The group interview has been regaining steam recently and can be a great way to save time in the interview process; think about the difference between meeting five people in one hour, verses holding five separate 1-hour interviews. This interview format ends up looking a lot like the classic TV show, The Dating Game, where you ask the same or similar question to each person as you go down the line. This type of interview should immediately make clear who performs well under stress.

Each of these interview formats will allow for the same types of questions to be asked. A little bit of pre-planning to determine what you want to get out of the interview will help in choosing the interview format that is best for your process.

Written by Tiffany Appleton, Director of Accounting & Finance Division

Interview Like a Boss-The Behavioral Interview

October 3rd, 2017

Series: How to Interview Like a Boss

The Behavioral Interview

Behavioral interview questions will provide insight into the candidate’s thought process and personality traits. Often times, the behavioral interview format is not used for the entirety of an interview. A typical interview usually includes both traditional, fact-finding questions, as well as behavioral interview questions. The fact-finding questions will ensure the candidate has the right technical skills and experience for the role while the behavioral questions indicate a proper cultural fit.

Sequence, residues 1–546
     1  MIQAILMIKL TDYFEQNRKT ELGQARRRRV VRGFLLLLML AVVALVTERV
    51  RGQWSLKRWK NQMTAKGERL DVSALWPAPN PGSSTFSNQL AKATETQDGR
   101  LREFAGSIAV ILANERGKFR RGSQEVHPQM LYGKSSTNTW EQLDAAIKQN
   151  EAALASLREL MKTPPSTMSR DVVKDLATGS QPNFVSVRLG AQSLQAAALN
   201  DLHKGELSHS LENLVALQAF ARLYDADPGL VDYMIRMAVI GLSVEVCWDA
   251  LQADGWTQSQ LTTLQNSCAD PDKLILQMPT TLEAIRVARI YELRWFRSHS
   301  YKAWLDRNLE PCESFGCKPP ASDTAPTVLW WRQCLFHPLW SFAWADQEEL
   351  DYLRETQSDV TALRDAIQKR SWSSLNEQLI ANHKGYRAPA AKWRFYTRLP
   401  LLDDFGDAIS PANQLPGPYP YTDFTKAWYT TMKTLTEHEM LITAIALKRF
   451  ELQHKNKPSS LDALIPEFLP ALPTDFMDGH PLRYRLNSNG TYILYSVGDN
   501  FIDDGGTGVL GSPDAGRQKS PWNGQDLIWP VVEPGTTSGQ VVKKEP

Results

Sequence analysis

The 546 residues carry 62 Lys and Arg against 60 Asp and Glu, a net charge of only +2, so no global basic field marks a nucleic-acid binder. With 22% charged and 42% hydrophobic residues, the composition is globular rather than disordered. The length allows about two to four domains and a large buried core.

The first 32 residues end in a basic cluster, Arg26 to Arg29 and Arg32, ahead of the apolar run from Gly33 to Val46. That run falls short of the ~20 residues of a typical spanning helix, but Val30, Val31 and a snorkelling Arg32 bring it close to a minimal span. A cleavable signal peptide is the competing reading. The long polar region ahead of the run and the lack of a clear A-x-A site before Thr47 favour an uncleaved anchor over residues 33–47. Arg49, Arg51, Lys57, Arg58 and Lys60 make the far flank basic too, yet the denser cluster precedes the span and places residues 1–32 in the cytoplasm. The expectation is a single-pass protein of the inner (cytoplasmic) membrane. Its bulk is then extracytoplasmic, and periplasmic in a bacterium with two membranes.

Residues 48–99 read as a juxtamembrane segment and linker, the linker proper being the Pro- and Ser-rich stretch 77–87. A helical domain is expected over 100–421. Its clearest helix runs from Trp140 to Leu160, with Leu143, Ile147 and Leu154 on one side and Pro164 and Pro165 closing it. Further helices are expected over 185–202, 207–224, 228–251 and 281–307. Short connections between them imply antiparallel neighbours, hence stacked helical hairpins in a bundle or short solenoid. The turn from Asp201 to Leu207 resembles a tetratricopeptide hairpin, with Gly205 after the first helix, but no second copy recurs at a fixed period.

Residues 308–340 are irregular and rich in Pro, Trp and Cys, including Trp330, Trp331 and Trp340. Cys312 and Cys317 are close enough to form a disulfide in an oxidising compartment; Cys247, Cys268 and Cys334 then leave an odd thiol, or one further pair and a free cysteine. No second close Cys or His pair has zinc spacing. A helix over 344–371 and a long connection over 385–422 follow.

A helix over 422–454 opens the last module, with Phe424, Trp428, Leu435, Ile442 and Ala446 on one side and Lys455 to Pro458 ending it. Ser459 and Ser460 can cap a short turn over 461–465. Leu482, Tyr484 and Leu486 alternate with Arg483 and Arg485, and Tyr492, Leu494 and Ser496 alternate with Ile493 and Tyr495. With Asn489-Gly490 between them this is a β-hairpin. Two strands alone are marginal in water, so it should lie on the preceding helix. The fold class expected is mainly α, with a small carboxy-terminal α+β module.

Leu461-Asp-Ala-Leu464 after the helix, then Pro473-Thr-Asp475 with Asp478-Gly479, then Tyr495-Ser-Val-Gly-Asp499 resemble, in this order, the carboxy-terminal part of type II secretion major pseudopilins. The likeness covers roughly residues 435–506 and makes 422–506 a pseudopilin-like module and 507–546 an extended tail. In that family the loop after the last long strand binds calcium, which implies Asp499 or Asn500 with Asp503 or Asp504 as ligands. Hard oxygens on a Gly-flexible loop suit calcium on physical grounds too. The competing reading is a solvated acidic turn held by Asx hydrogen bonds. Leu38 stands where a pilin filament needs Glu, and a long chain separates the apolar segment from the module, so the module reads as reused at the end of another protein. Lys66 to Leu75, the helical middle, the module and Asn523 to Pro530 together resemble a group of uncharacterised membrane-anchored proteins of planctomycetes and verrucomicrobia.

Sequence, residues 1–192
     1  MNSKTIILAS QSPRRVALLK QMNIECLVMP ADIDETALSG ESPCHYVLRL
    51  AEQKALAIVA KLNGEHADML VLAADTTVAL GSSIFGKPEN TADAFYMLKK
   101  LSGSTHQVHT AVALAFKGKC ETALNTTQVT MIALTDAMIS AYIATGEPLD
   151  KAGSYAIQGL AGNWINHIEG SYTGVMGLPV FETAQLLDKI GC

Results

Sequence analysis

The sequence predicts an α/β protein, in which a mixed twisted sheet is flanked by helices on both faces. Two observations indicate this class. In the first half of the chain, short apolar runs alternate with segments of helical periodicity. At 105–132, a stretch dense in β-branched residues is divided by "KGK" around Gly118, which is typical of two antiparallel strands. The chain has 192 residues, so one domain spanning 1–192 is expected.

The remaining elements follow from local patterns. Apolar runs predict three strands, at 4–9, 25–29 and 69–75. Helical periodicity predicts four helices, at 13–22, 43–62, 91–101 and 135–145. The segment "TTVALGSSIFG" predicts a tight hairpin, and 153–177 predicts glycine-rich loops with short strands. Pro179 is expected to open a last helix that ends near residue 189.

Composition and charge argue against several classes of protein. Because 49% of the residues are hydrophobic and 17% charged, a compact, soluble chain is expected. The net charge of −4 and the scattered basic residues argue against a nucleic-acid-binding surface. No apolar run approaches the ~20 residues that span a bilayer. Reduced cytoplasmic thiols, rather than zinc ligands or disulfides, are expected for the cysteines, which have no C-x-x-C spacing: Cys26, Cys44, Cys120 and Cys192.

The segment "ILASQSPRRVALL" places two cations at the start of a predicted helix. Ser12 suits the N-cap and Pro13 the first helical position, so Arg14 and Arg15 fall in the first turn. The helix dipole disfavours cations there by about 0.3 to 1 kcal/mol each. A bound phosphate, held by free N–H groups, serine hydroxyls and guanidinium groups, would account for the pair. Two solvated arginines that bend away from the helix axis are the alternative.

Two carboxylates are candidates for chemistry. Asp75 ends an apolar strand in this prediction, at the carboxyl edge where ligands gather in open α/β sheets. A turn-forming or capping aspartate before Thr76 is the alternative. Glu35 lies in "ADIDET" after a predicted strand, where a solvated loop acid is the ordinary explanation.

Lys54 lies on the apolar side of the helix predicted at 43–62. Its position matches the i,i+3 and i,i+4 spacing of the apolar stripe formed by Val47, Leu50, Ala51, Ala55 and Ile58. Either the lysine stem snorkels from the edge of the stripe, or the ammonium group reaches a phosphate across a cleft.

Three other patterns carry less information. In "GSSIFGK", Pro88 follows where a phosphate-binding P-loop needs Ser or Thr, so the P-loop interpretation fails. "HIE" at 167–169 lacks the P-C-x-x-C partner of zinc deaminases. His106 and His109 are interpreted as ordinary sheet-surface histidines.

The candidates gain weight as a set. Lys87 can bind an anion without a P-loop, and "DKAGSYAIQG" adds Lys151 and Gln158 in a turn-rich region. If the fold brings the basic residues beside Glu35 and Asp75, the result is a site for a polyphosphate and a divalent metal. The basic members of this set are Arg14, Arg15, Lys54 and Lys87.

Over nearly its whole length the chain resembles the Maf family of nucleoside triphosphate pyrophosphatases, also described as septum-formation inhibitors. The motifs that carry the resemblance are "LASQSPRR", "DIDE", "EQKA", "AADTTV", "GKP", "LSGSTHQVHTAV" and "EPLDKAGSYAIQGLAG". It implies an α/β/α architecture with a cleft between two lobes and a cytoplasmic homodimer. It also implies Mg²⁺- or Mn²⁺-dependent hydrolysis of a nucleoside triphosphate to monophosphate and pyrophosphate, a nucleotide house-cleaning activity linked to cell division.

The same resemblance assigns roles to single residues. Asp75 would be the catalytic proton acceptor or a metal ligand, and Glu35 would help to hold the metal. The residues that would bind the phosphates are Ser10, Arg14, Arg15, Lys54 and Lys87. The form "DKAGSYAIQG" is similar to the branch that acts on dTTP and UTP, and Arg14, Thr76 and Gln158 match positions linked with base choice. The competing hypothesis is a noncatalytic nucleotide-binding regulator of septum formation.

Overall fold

The premise of the behavioral interview is to ask open-ended questions which show examples of skills and experiences they have used in prior situations that directly relate to the position. The logic is the candidate’s success in the past is a positive indicator toward success in the future.

Some of the favorite questions in this category include:

  1. Give me an example of a goal you reached and how you achieved it.
  2. Have you ever made a mistake? How did you handle it?
  3. Give me an example of a time you faced a conflict while working on a team. How did you handle that?
  4. Sometimes it’s just not possible to get everything on your to-do list done. Tell me about a time your responsibilities got a little overwhelming. What did you do?

One particular thing to pay attention to is that they answer all parts of the question asked and don’t become sidetracked with the background of the story to never bring you through to the end. Many candidates will be well prepared with examples of stories to share in response to common behavioral interview questions. If you get the sense a candidate’s answer is too concise, follow-up questions are a great way to learn more about the example beyond their canned response.

Some great follow-up questions to example #1 above could be:

  • How long did it take you to reach your goal?
  • Did you ever feel like giving up? If so, what got you back on track?
  • How did your manager or team support you in reaching your goal?
  • What bumps along the way did you encounter and how did you overcome these bumps?